If the hallway conversations turn to legislative action, which would heap immense pressure on the White House, it could force Biden to loosen his hug of Israel as it retaliates against Hamas following the Oct. 7 attack that killed 1,200 people. That would please progressives in Congress who want the United States to demand a cease-fire.

The Pentagon declined to comment. The White House did not immediately respond to requests for comment. Earlier this month, Vice President Kamala Harris said “we are not going to create any conditions on the support that we are giving Israel to defend itself.”

Democrats have not settled on how, or even if, to push for conditions on military aid to Israel. But both lawmakers said current conversations revolve around using existing authorities such as invoking the Leahy Law, which prohibits sending funds to countries where there’s credible information about human rights violations.

Israel receives about $3.8 billion annually from the U.S. for its military and missile defense systems. The Republican-led House earlier this month passed a $14.3 billion aid bill that Biden threatened to veto because it didn’t include funding for Ukraine, among other priorities.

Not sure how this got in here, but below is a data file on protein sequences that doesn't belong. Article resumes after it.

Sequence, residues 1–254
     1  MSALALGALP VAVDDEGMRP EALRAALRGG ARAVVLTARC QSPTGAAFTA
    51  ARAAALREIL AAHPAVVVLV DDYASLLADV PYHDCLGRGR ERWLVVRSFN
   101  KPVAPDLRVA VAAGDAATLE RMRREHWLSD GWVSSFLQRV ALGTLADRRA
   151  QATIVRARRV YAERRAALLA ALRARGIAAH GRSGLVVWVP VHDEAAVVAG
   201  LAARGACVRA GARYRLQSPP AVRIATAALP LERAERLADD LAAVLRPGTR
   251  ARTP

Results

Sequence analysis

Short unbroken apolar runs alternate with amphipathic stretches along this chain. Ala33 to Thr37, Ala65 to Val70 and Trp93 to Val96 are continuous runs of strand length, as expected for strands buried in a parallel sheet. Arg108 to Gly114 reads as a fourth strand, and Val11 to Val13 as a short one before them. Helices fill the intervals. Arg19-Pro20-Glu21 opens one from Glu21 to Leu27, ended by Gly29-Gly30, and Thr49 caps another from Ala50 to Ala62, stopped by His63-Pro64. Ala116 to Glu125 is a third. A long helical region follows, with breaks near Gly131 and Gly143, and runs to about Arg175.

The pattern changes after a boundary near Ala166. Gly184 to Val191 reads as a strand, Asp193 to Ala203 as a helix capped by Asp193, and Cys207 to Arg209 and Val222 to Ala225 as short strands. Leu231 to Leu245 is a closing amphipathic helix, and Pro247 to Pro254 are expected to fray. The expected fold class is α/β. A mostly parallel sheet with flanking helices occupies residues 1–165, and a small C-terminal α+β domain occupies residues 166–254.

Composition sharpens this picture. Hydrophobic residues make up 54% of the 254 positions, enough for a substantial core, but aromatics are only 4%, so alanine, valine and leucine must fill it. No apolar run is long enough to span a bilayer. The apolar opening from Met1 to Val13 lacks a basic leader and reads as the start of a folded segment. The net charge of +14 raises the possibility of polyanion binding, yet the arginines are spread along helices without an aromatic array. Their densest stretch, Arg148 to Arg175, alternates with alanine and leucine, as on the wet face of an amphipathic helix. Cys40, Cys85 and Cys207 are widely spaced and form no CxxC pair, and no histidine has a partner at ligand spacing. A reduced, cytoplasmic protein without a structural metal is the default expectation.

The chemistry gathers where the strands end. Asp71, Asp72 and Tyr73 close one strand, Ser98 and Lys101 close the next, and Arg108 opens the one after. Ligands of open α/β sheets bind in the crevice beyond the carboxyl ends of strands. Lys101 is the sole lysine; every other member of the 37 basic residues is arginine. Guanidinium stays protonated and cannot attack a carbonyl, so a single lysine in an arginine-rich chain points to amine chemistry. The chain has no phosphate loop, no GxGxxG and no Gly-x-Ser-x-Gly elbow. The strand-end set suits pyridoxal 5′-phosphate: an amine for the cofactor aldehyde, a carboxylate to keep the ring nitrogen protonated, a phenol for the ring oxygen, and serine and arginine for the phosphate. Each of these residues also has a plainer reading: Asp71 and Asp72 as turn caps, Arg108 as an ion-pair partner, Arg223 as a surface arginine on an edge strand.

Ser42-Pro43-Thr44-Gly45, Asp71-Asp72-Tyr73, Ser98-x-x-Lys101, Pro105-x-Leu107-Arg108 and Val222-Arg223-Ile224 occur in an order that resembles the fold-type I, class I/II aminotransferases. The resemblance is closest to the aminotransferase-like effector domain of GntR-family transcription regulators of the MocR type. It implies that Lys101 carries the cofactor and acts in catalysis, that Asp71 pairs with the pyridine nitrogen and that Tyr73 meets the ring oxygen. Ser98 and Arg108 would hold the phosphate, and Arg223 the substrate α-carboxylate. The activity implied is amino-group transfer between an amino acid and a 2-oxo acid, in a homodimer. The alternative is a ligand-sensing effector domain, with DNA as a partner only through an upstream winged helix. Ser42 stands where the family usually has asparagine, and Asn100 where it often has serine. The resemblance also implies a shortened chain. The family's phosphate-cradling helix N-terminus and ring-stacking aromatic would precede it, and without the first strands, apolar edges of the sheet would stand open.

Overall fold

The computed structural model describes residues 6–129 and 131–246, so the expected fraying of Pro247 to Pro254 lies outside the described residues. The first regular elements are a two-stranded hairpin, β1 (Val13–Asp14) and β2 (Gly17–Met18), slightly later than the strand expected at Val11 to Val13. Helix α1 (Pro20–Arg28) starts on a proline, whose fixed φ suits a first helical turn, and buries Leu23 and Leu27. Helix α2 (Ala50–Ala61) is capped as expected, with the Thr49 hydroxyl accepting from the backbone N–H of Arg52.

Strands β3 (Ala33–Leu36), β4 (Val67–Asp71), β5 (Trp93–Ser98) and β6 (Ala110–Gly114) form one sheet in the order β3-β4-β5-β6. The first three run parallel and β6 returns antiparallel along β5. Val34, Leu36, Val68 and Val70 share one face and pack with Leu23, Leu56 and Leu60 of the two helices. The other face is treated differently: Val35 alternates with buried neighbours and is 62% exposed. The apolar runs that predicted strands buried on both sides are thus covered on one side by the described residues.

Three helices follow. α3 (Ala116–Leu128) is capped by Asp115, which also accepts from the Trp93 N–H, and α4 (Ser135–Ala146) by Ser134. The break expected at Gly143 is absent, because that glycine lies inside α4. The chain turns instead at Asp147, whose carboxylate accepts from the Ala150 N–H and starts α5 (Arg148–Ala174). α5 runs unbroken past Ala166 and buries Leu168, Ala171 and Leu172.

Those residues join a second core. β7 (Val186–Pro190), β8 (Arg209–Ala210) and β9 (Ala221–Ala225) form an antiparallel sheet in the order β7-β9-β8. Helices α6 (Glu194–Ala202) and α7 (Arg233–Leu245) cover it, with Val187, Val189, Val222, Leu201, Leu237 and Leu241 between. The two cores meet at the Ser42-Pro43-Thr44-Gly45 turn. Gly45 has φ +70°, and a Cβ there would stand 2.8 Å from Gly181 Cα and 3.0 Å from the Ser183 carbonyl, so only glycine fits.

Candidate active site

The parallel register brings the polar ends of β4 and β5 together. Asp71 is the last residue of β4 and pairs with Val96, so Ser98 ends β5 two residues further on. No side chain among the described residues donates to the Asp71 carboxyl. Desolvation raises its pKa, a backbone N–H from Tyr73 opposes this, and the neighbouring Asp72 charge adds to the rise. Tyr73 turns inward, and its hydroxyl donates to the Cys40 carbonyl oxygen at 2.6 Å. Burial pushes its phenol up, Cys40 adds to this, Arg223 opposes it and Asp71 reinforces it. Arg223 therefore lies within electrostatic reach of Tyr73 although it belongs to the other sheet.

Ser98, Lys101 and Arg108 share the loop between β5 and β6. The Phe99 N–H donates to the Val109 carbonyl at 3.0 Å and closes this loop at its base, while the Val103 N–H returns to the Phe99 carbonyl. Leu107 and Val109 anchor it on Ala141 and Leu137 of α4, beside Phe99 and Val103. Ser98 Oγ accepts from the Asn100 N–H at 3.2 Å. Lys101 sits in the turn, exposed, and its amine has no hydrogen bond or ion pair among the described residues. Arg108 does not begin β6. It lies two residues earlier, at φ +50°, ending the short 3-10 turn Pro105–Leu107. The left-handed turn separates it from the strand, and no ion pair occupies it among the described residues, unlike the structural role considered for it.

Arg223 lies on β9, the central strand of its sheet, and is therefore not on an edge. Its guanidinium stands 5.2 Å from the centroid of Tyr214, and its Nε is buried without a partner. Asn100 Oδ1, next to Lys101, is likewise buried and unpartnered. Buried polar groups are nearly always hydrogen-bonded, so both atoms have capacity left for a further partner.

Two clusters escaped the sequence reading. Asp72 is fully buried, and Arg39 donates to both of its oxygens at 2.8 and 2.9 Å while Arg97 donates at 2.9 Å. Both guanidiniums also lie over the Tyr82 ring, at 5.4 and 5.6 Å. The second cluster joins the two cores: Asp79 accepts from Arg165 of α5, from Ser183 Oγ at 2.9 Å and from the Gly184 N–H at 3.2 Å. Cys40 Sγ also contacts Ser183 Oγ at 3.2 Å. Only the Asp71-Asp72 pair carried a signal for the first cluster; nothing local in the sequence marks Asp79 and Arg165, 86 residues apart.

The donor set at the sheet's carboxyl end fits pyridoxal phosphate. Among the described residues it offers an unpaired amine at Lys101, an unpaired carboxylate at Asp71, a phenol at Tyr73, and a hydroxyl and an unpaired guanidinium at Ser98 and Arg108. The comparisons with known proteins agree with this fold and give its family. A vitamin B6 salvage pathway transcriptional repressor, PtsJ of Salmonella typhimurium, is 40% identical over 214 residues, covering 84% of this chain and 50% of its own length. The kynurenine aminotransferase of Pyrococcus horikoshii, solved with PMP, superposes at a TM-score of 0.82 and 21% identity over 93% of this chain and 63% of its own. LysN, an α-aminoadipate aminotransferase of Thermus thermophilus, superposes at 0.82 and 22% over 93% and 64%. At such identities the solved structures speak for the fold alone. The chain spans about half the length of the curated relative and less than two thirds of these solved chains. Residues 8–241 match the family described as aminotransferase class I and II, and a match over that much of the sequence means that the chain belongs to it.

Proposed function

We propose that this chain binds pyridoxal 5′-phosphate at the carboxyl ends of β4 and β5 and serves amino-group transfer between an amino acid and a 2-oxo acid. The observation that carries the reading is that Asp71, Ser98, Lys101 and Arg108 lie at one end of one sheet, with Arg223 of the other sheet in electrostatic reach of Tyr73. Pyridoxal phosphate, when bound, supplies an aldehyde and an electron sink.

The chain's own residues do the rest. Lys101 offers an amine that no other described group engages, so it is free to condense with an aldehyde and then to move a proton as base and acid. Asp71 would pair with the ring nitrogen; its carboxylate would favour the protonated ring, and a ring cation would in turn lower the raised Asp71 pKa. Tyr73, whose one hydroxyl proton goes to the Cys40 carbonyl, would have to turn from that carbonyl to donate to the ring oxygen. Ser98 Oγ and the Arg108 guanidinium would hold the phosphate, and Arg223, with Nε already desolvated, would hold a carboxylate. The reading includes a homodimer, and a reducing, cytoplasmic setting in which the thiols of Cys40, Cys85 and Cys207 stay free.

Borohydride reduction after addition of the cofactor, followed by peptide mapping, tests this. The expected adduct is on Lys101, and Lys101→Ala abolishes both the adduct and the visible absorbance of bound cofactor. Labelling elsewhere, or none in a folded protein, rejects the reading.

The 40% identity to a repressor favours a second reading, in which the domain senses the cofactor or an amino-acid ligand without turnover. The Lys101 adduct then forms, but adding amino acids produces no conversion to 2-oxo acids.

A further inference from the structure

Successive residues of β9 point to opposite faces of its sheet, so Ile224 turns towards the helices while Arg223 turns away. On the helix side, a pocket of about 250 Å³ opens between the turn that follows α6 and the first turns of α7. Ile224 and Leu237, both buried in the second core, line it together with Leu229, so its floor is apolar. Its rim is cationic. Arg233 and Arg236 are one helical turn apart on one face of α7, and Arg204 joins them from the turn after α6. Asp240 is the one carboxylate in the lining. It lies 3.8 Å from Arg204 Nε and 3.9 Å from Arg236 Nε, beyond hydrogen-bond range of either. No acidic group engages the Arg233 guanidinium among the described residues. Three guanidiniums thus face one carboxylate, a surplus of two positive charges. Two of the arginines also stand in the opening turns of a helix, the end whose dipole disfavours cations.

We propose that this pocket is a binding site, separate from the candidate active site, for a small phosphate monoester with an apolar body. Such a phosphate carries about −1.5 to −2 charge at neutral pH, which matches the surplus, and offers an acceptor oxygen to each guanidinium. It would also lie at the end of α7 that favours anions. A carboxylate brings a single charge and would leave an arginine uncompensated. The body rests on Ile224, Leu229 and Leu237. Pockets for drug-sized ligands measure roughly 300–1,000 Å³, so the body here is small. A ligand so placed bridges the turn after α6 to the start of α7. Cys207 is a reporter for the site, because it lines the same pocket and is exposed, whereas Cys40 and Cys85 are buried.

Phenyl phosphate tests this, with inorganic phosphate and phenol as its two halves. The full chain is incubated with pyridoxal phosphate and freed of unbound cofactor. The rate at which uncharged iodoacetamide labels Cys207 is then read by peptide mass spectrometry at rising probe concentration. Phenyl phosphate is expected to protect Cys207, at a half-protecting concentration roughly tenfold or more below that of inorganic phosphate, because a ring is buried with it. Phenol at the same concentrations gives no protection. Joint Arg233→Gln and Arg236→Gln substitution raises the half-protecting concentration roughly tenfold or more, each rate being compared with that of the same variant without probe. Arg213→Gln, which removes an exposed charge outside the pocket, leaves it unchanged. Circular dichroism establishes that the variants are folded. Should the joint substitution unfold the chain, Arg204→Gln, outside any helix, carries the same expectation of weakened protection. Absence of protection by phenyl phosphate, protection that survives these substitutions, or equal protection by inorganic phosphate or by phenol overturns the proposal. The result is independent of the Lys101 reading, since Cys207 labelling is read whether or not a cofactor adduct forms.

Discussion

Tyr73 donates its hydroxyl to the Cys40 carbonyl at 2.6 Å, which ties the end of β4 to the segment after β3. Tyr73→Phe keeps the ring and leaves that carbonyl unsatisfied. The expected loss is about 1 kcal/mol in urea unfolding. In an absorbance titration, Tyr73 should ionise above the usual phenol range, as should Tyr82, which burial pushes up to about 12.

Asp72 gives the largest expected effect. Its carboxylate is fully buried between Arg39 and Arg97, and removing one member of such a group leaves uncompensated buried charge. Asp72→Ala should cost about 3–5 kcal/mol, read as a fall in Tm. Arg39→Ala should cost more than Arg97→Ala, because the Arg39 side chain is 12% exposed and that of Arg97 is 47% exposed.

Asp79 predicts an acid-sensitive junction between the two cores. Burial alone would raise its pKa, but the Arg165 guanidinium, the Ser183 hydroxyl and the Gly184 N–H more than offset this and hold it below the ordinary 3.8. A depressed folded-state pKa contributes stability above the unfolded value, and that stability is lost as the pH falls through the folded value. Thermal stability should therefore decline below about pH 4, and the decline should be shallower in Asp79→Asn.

One former senior defense official, also granted anonymity to detail sensitive discussions, said it is “unlikely” the administration will put conditions on its aid to Israel.

“It’s very difficult to condition military aid because how would you guarantee it and how would you construct it? Especially in this instance, we’re not in a position to really instruct a friend and an ally,” the former official said. “Suggest to them, yes. Urge them, yes, but not necessarily condition our aid. I think that would be a bridge too far.”

But the Biden administration has faced mounting pressure over the past week to respond to Israel’s actions — namely its operation at Gaza’s largest hospital, Shifa — as doctors claim their patients, including newborn babies, are at risk of dying.

Some of that pressure is coming from U.S. allies. Alicia Kearns, a conservative British member of parliament and chair of the Foreign Affairs Select Committee, said “it’s absolutely vital that there have to be restrictions” on future military aid to Israel, noting the high rate of civilian casualties when Israel strikes a Hamas target.

Israel has defended its operation at the hospital, claiming Hamas has built tunnels and a command control center underneath. U.S. officials said Washington possesses its own intelligence that supports Israel’s assertion. The operation appears to be ongoing at the hospital, though communications inside Gaza are limited.

The U.S. is in ongoing talks with the Israeli government about potentially establishing safe zones in southern Gaza that would allow humanitarian organizations to operate more freely and away from the crossfire. There are also ongoing talks between Israel and Hamas about a cease-fire, though those conversations appear to have stalled in recent days.

Lara Seligman and Paul McLeary contributed to this report.